The Dreaded Stock Market Crash
A crash in the stock market happens when there is a rapid trading of assets in the stock market which causes stock prices to quickly drop. There is not one single cause to all stock market crashes and many factors influence each crash in a completely different fashion. However, the performance of the economy is a major influence and affects the sentiment of investors. In a prosperous and growing economic where the GDP is increasing, investors will generally feel more optimistic and the stock market is less likely to crash. On the other hand, in a struggling and slowing economy, investors will probably feel less optimistic and began to trade their stocks. The trading of stocks can spark the start of a stock market crash. Other factors that can cause the stock market to crash include unemployment, inflation and high interest rates.
Group Mentality of Investors
Although the performance of the economy is one of the most significant indicators of the direction of the stock market, a crash may be caused by a situation which influences a huge trading of stocks and may not be an economic cause at all. For example, the days after the 9/11 attacks in New York, the stock market fell dramatically because of panic and uncertainty on how the attacks would affect the economy in the future. This shows how the stock market can crash and nearly every crash is the result of the group mentality of investors – an overwhelming feeling of negativity and panic about the future. When high level investors get out of the market because of a particular event, other investors are likely to follow and this creates a mad dash to trade away stocks before the prices drop any further when the news spreads. This type of group mentality is common in single stocks in regular business cycles but during a crash this mentality spreads throughout entire sectors of the economy.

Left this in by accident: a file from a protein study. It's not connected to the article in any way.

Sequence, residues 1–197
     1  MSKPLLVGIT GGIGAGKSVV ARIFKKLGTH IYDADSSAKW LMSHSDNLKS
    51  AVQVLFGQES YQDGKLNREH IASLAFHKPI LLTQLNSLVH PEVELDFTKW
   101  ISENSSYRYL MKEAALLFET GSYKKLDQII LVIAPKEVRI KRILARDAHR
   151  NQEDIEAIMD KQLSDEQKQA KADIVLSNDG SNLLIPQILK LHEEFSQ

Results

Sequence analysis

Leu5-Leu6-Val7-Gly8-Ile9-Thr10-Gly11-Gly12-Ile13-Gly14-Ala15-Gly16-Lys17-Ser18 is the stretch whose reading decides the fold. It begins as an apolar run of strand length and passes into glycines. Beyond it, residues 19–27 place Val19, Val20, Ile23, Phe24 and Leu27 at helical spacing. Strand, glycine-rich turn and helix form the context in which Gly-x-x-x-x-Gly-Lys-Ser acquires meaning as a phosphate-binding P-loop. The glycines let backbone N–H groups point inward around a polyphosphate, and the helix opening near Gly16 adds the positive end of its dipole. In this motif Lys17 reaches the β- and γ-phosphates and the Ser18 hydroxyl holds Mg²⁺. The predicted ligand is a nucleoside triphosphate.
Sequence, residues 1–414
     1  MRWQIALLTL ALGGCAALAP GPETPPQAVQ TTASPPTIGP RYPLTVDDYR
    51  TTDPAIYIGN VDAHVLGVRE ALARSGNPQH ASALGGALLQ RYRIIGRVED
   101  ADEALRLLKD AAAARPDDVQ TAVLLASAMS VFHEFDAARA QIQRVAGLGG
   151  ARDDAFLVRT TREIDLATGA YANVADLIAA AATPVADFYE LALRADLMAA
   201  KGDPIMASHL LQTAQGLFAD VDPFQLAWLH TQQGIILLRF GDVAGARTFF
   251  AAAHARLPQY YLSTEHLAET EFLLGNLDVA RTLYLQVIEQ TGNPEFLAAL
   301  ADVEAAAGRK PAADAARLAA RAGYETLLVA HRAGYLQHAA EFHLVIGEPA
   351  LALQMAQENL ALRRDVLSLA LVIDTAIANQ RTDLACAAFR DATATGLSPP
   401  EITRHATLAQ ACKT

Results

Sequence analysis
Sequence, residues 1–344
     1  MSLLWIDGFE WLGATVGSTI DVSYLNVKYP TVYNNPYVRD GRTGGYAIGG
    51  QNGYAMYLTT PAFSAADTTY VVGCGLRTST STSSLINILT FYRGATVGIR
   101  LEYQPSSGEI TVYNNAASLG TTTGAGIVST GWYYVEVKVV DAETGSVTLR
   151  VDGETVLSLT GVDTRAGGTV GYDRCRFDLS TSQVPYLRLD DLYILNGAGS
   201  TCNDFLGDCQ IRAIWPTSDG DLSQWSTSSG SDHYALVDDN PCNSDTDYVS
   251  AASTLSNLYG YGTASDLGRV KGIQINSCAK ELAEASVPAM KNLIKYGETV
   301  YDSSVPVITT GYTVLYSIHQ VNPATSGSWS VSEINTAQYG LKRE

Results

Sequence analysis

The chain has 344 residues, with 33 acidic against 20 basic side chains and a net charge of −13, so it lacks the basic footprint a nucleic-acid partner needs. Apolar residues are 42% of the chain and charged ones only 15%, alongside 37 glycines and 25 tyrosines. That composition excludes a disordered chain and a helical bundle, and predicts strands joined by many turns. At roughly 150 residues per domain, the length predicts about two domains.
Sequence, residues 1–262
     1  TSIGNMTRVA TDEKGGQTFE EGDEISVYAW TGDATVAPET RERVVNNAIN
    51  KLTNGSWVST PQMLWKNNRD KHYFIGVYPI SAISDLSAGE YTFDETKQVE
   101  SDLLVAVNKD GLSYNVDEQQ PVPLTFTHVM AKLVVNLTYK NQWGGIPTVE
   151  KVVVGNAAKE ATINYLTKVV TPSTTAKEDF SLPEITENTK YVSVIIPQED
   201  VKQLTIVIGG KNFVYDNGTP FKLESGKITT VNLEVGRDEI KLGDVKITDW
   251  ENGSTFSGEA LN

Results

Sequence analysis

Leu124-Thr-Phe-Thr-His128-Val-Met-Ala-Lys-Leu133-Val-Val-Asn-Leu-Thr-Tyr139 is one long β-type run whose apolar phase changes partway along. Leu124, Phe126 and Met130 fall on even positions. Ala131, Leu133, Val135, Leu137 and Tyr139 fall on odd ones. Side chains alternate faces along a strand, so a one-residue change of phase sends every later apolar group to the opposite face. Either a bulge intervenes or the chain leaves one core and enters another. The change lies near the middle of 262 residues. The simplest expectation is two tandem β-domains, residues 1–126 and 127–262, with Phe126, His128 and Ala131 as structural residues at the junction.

Another variable that may create a situation that influences a stock market crash is the tendency for particular assets to be overpriced because of price speculation. When investors believe that an asset with become more valuable in the future, they will purchase the asset in hopes of taking advantage of those future gains. When a large number of investors purchase the same asset with the anticipation of future gains, the demand that is created will raise the price of the asset. In essence, the investors have created a self-fulfilling prophecy. When more investors continue to purchase the asset because of its expected strong performance, the price will inflate to the point where it is higher than the actual value of the asset. Then the price of the asset will reach a point where it is evident that the price is higher than the actual value and investors will respond by quickly trading the asset, causing a drop in price. This massive trading may create panic and lead to the rapid trading of other assets as well. As an example, during the economic recession in 2008, oil and real estate prices bubbled and then quickly collapsed. This affected many sectors of the economy and lead to falling stock prices.
Do you think any other factors create stock market crashes? What can investors do to protect themselves against stock market crashes? Please leave your comments below.